With the limitations and restrictions in place to reduce the spread of COVID-19, real estate agents who are deemed essential are forced to adapt and work in new ways to continue serving their clients. To understand how agents are able to sell homes without meeting their clients in person, we talked to Cindy Chen of Justin Havre & Associates with RE/MAX First in Calgary, Alberta, who recently sold a home in Calgary to a buyer who resides in Scotland, UK.
You recently conducted a sale with a buyer in a different country, who you never met in person. How were you able to do this?
Yes, that client is from Scotland, but at the time they were vacationing in Spain. At the beginning of the process, they had intentions of coming to Calgary and viewing and signing, but when we were trying to firm everything up, that’s when traveling stopped.
My client’s daughter lives in Calgary, so the deposit was the only thing that we didn’t need to do virtually. It was just me picking up the deposit from the daughter and that was it, everything else was video or calls or emails. All showings were done virtually. We were lucky to have a client that trusted us. A key component to this is to have someone you’ve never met trust you to facilitate this transaction.
How did you build that trust with them?
They’ve been to Calgary before because they have family here, but they live full-time in Scotland. They came in as a lead, and I think me taking the initiative to use video was a big component for them. Obviously, as an out-of-town buyer they were really stressed out about the things they would need to do to make this transaction work, so walking them through it and coming up with ideas of how to make it work as easily as possible really helped put them at ease.
What systems are in place to do everything safely with an inspector, appraiser, the closing, etc.?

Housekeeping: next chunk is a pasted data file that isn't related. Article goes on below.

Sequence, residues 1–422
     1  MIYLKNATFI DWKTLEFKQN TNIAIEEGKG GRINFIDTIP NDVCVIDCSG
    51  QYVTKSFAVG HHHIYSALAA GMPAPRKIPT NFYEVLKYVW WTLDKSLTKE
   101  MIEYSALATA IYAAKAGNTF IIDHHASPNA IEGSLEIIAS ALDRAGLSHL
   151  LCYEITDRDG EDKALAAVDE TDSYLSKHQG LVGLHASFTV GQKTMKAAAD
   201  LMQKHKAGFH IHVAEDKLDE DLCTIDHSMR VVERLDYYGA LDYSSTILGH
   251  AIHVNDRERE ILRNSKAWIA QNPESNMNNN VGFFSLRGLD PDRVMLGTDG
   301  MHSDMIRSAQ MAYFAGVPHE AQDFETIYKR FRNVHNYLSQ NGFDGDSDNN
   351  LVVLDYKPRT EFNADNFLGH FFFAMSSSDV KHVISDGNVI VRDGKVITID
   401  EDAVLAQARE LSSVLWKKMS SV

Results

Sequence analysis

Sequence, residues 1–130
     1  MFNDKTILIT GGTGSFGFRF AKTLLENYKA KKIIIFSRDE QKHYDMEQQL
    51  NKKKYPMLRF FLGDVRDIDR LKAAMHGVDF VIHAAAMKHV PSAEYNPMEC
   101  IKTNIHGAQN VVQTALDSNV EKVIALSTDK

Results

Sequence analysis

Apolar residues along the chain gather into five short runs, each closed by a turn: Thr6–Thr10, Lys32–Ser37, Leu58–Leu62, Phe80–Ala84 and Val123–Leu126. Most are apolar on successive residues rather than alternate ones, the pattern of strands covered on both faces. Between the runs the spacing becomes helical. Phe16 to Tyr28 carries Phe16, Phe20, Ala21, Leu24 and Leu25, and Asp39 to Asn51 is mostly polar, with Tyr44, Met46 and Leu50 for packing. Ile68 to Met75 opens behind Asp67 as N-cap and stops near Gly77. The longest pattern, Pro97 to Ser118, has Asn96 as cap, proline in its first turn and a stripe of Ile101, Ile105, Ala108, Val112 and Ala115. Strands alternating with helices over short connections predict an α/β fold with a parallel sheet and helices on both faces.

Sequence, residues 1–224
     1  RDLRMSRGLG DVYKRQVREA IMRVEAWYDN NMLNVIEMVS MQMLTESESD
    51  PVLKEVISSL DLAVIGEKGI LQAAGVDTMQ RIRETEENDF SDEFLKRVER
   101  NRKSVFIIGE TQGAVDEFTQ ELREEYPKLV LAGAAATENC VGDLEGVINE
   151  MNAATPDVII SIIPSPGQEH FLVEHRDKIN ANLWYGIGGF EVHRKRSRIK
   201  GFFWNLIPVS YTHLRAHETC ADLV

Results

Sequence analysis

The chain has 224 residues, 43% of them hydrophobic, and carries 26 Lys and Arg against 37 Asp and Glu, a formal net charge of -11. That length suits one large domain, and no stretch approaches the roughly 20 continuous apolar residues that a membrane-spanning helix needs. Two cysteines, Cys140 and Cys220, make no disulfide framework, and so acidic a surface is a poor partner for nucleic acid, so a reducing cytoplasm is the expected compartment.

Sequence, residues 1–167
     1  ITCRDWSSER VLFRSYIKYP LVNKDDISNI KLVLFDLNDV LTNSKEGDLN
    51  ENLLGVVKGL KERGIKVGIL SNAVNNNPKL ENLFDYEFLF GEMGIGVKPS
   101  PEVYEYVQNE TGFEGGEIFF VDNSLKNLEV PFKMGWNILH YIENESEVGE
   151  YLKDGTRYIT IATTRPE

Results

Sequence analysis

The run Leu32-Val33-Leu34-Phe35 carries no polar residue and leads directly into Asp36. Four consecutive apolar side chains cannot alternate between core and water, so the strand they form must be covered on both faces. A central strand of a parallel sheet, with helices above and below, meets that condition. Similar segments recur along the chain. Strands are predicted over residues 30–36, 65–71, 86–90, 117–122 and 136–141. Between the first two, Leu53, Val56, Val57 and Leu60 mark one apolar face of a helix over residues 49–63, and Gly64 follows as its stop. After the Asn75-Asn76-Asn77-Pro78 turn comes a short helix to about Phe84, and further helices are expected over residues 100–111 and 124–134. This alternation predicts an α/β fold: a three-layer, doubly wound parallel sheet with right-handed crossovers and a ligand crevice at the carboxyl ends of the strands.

Our clients’ safety, as well as our own, is more important than anything. Home inspections still happen, but they limit the number of people at an inspection; it’s just the inspector doing it himself or the home inspector and me, and then just videoing in the buyer. Appraisers no longer access homes. They just drive by here. I encountered a seller who was very concerned about people going through their home, so they sent me a personal video of them walking through the house so I could pass it on to my clients instead. When I got the video, I looked through it, put it in an email with my notes because we (agents) are going to see things differently, and then had a chat with my client after.
What hiccups did you encounter or what tips do you have for agents to look out for?
You need to be really honest with your client about everything up front. Because these transactions are not in person, you have to anticipate the problems first and then try to take care of it that way. For example, my Scottish buyers were potentially coming into Canada and/or Calgary to do the mortgage signing. Then it was not possible anymore with the lockdown, and it posed a new challenge for the financing, which we had to work through. Of course, with real estate transactions, anything might come up at any time, but we really have to prepare and organize upfront, and make our clients aware as well.
What programs do you use for the videos?
I used to use FaceTime and/or something like Zoom or Google Hangout to do a live chat so they could go through the house with me and ask questions live. But now I like to use BombBomb because the clients can watch the video back whenever they want because the file is saved. I also like to ask the buyers if there’s anything important to them before viewings are booked so I can be sure to show specific areas of interest. For example, if my client always looks at the baseboards, I’ll make sure to get those close-up in my videos.
Why do you think agents are still imperative in transactions like these?
There are so many things that can and do go wrong in a transaction. It’s my job to manage emotions and problem solve. We’re way more than just door-openers.